Election poses downside risks to Malaysia’s fiscal outlook

PETALING JAYA: Fitch Solutions has revised its forecast for Malaysia’s federal government budget deficit to come in lower at 6.1% of GDP in 2022 from 6.5% previously versus 6.4% in 2021.

This is slightly wider than the government’s downwardly revised 2022 deficit projection of 6% of GDP in its pre-budget 2023 statement but smaller than the initial projection of 6.4% of GDP in Budget 2022.

“With the economy staging a strong recovery and energy prices staying elevated, we expect revenue collection to remain strong over the coming months. On the expenditure side, rising inflation and elevated fuel prices have caused the government to increase subsidies substantially, but this will be partially offset by lower Covid-19 spending.

“In 2023, we forecast the federal budget deficit to further narrow to 5.6% of GDP, but note that risks are weighted to the downside given that the government could ramp up spending ahead of upcoming elections, which must be held before Sept 23, 2023,“ said Fitch in a report.

Its fiscal balance forecasts, especially for 2023, are subject to downside risks given upcoming elections. The government has declared that it will bring forward its Budget 2023 announcement by three weeks to Oct 7, which could pave the way for early elections.

“Despite local election results suggesting that the main party of the current ruling coalition (Umno) is in a favourable position, we see risks that the government may ramp up social spending in Budget 2023 to further bolster support. The government may also allocate a higher budget for election campaigning, leading to a wider deficit than we currently forecast,“ warned Fitch.

It believes that revenue collection will reach RM252.5 billion (14.9% of GDP) in 2022, which is higher than the government’s projection of RM234 billion in Budget 2022. Already, monthly data show that revenue collections amounted to around RM148.4 billion during January-July, equivalent to 63.4% of the government’s expected outturn for 2022. This also represents a 21.3% y-o-y increase from the corresponding period in 2021.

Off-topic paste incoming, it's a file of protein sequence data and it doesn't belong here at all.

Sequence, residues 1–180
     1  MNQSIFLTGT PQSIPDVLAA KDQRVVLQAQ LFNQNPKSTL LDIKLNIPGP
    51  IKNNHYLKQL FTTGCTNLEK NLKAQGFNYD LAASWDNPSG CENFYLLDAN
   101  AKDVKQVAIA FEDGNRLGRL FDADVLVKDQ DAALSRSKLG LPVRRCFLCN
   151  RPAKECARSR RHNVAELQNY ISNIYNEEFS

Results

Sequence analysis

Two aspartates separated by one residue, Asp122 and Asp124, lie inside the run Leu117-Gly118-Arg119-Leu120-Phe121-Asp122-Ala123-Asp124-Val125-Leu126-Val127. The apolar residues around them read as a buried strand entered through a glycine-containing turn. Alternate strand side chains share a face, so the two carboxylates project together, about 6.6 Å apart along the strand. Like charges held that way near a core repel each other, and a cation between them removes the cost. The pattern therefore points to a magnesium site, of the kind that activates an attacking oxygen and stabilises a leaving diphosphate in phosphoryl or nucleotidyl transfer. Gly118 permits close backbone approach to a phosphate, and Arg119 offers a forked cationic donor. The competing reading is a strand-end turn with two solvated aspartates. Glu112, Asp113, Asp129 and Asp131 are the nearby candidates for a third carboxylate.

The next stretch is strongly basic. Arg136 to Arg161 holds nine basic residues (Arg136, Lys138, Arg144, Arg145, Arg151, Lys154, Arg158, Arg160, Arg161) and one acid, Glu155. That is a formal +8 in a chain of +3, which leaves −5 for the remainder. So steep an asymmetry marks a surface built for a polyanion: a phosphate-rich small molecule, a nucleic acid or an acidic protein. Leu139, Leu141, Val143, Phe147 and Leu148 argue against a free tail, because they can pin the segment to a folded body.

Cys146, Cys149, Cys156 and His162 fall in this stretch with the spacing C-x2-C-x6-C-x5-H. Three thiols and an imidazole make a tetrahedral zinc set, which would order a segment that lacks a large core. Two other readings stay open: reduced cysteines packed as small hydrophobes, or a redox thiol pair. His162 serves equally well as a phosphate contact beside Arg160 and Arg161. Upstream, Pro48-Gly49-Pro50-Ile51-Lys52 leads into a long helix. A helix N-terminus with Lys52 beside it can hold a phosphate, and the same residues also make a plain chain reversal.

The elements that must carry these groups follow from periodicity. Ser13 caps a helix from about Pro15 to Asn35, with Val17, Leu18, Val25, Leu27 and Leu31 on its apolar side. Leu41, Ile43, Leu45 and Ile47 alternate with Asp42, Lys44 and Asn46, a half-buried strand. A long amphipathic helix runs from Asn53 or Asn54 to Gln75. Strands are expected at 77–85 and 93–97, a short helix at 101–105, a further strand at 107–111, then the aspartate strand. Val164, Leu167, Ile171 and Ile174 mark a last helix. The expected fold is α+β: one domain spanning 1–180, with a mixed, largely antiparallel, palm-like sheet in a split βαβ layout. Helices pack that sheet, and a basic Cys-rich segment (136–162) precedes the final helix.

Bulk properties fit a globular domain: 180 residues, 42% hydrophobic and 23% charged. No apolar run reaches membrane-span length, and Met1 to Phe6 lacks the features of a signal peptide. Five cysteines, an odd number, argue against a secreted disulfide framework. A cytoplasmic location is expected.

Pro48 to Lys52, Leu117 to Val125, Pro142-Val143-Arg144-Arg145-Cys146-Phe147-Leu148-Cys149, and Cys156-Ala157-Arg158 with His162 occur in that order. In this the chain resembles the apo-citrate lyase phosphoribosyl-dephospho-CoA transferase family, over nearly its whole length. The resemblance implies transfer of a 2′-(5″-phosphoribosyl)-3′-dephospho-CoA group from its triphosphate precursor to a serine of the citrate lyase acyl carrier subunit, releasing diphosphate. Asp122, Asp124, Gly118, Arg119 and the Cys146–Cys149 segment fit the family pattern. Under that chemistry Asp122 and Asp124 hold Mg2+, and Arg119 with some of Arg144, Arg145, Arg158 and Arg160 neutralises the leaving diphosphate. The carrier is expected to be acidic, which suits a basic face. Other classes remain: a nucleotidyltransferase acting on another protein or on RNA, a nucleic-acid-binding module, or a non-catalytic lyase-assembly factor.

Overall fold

“Over the coming months, we expect that a robust economic recovery and elevated energy prices will see government revenue growth remain strong. In August, we raised our 2022 real GDP forecast for Malaysia to 5.9% (in 2022) from 5.2% previously, after the economy grew by a stronger-than-expected 6.9% y-o-y in H1’22. Growth will be supported by a continued strong rebound in private consumption following the easing of Covid-19 curbs, which should bode well for sales and service tax collection.”

Meanwhile, Brent crude prices is expected to average US$105 a barrel in 2022, which is 63.8% higher than the government’s assumption of US$67 a barrel used to formulate Budget 2022. With petroleum-related revenue accounting for 18.4% of total revenue in 2021, elevated oil and gas prices will continue to contribute strongly to government coffers as well.

Moreover, the government has put in place several tax revenue measures which Fitch expects will continue boosting revenue inflows through the end of the year. One such measure is the Special Voluntary Disclosure Program for indirect taxes which encourages companies and individuals to disclose outstanding indirect taxes by offering incentives for paying liabilities from Jan 1 to Sept 30. The government expects to obtain an additional RM1 billion through this initiative in 2022.

“On the expenditure side, we expect higher government spending on subsidies, but this will likely be partially offset by lower Covid-19 spending. All in all, we expect expenditure to increase by 6.8% to reach RM355 billion (16.9% of GDP) in 2022, versus the government’s 2022 Budget of RM331.5 billion.”

According to Finance Minister Tengku Datuk Seri Zafrul Abdul Aziz, Malaysia is expected to spend RM77.3 billion on subsidies and cash aid in 2022, which is significantly above the government’s original subsidy projection of about RM31 billion for the year.

“That said, we expect the increase in expenditure caused by subsidies to be partially offset by lower Covid-19 spending. The government has allocated RM23 billion for its Covid-19 fund but it has only utilised RM6.2 billion as of April. With restrictions being eased and the pandemic situation remaining stable since early May, we expect the government to underspend its allocation for the Covid-19 fund.

“We expect the central government debt as a share of GDP to increase slightly to 63.7% of GDP in 2022 from 63.5% in 2021. Malaysia’s government debt burden is not exceptionally high relative to peers at a similar level of economic development, and the government is unlikely to exceed its statutory debt-to-GDP ceiling of 65%, which has been raised from 60% in October 2021. However, we note that the debt ceiling has already been raised twice since 2019. In addition, debt service charges accounted for 16.4% of its total expenditure in 2021 and is likely to continue to rise further in a rising interest rate environment, posing downside risk to debt sustainability,“ said Fitch.